Paper ID: | 1308 |
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Title: | Geometric Dirichlet Means Algorithm for topic inference |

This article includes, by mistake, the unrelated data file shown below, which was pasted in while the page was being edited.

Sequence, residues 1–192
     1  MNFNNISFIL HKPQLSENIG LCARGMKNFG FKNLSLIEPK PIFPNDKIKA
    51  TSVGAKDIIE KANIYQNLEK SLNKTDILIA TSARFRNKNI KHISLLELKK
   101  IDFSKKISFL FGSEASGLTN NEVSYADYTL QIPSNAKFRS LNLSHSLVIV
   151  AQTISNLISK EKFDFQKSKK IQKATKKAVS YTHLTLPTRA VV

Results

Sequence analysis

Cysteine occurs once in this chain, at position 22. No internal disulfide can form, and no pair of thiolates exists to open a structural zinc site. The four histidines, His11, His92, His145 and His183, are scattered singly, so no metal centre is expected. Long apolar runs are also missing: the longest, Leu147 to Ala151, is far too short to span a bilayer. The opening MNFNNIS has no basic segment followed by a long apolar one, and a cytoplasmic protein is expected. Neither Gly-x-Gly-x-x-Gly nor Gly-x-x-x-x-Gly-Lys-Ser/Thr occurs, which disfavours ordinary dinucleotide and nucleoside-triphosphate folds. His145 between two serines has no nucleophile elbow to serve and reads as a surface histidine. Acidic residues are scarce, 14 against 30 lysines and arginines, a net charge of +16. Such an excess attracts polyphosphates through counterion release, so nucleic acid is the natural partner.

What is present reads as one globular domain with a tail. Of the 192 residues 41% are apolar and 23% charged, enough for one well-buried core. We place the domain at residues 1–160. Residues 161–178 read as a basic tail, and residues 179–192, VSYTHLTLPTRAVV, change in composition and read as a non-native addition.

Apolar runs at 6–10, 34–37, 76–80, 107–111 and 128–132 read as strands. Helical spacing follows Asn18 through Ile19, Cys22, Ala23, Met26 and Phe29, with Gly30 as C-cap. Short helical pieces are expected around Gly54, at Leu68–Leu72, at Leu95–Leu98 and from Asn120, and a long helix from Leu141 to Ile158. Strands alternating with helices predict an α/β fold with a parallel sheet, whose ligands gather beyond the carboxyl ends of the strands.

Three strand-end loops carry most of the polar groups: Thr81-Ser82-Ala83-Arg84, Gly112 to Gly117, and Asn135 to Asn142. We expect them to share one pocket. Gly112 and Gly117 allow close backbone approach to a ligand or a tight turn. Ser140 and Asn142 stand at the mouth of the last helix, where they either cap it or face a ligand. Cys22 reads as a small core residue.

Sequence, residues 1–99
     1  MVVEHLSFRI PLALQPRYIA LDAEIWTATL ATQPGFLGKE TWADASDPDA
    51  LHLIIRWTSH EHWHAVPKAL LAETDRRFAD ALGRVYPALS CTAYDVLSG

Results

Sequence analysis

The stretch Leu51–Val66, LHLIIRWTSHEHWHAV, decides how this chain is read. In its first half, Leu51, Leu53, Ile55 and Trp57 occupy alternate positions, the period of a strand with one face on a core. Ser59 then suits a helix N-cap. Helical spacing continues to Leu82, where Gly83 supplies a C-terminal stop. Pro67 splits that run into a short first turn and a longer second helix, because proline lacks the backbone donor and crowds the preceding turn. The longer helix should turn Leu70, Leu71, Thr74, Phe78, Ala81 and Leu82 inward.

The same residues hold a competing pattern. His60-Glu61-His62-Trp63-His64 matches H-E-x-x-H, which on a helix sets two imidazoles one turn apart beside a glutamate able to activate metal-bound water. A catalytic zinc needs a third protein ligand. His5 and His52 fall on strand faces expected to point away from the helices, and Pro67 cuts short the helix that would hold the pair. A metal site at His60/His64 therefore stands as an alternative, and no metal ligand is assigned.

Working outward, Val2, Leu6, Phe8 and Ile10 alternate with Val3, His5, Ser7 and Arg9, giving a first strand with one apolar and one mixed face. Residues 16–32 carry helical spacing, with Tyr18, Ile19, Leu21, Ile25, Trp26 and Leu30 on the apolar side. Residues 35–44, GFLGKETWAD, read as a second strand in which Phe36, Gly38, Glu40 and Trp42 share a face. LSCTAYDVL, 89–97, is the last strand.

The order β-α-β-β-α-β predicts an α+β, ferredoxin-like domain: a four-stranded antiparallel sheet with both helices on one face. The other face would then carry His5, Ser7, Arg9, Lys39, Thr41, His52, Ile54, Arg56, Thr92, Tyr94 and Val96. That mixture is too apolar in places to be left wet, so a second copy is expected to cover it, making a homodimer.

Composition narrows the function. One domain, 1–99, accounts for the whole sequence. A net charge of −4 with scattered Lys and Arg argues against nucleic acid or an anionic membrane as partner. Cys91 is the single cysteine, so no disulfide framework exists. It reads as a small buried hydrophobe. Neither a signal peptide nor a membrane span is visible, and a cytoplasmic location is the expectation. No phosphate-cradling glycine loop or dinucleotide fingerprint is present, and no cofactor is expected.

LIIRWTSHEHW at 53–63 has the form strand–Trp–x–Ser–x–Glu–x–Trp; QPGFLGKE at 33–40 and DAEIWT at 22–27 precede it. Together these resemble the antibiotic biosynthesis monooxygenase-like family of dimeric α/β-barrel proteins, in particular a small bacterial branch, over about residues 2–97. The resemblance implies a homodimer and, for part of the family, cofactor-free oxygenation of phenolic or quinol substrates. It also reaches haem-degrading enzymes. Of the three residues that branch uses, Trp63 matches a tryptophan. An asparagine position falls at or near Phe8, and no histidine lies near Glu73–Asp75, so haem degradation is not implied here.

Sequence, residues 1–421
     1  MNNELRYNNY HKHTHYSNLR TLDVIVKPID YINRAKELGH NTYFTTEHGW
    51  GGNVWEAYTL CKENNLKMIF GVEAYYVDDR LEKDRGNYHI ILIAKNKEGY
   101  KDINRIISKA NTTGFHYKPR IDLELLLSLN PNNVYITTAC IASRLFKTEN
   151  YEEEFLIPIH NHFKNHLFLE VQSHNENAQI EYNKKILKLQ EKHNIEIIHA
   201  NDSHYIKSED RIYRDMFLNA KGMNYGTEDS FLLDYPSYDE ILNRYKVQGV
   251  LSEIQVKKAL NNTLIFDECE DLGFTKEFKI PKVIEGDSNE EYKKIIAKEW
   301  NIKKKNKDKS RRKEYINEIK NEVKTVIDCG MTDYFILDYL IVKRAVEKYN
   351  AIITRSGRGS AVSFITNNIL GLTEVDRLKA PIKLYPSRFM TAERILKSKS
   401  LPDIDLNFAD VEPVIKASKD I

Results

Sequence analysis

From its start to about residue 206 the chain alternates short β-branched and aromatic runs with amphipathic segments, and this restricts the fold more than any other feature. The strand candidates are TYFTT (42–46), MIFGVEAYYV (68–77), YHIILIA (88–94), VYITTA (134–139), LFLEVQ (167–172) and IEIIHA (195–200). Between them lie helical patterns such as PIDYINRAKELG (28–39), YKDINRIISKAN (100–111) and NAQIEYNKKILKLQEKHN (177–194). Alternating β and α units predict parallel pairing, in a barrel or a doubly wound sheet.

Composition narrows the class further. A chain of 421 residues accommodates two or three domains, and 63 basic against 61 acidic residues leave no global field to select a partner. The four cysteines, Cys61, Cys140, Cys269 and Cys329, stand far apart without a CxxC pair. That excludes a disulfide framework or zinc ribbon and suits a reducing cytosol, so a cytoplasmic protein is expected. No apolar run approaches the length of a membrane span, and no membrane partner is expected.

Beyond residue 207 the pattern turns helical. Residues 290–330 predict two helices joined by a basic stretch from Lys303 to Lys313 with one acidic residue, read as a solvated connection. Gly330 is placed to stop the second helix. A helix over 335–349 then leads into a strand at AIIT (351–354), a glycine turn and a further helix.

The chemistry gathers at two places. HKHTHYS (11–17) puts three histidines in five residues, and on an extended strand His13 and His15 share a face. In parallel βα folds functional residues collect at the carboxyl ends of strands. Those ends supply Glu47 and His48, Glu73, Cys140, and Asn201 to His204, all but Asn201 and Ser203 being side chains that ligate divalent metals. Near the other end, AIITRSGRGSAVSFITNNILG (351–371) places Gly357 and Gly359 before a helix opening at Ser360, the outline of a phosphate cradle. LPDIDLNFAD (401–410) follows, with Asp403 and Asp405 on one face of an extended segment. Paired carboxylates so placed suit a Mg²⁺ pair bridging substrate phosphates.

The paper provides a geometric perspective on the topic inference problem for LDA. By integrating out the latent topic labels for individual words and instead focusing on the multinomial distribution of the word-count vectors of the documents given the word-topic distributions beta and the document topic distributions theta as parameters, the paper shows that maximizing likelihood under the LDA is equivalent to minimizing a geometric loss function. The optimization problem amounts to identifying a simplex of topic distributions that is close to all document word vectors generated from it in an L2 sense from all symmetric Dirichlet distributions over the topic simplex. To solve this problem, the paper makes a connection to the problem of centroidal voronoi tesselations of a convex polytope and the k-means algorithm. Based on this connection, the geometric dirichlet means algorithm for LDA first uses the k-means algorithm to make initial estimates of the topics. And then it makes a geometric correction by projecting the k-means estimates along the medians of the topic simplex to ensure that they lie inside the vocabulary simplex and within a high-probability sphere. The algorithm is shown to be consistent under regularity conditions involving the Dirichlet parameters and geometry of the topic simplex. Experimental results show that this geometric algorithm produces topics that are as accurate / generalizable as those from Gibbs Sampling and the algorithm is as fast as the recent RecoverKL algorithm.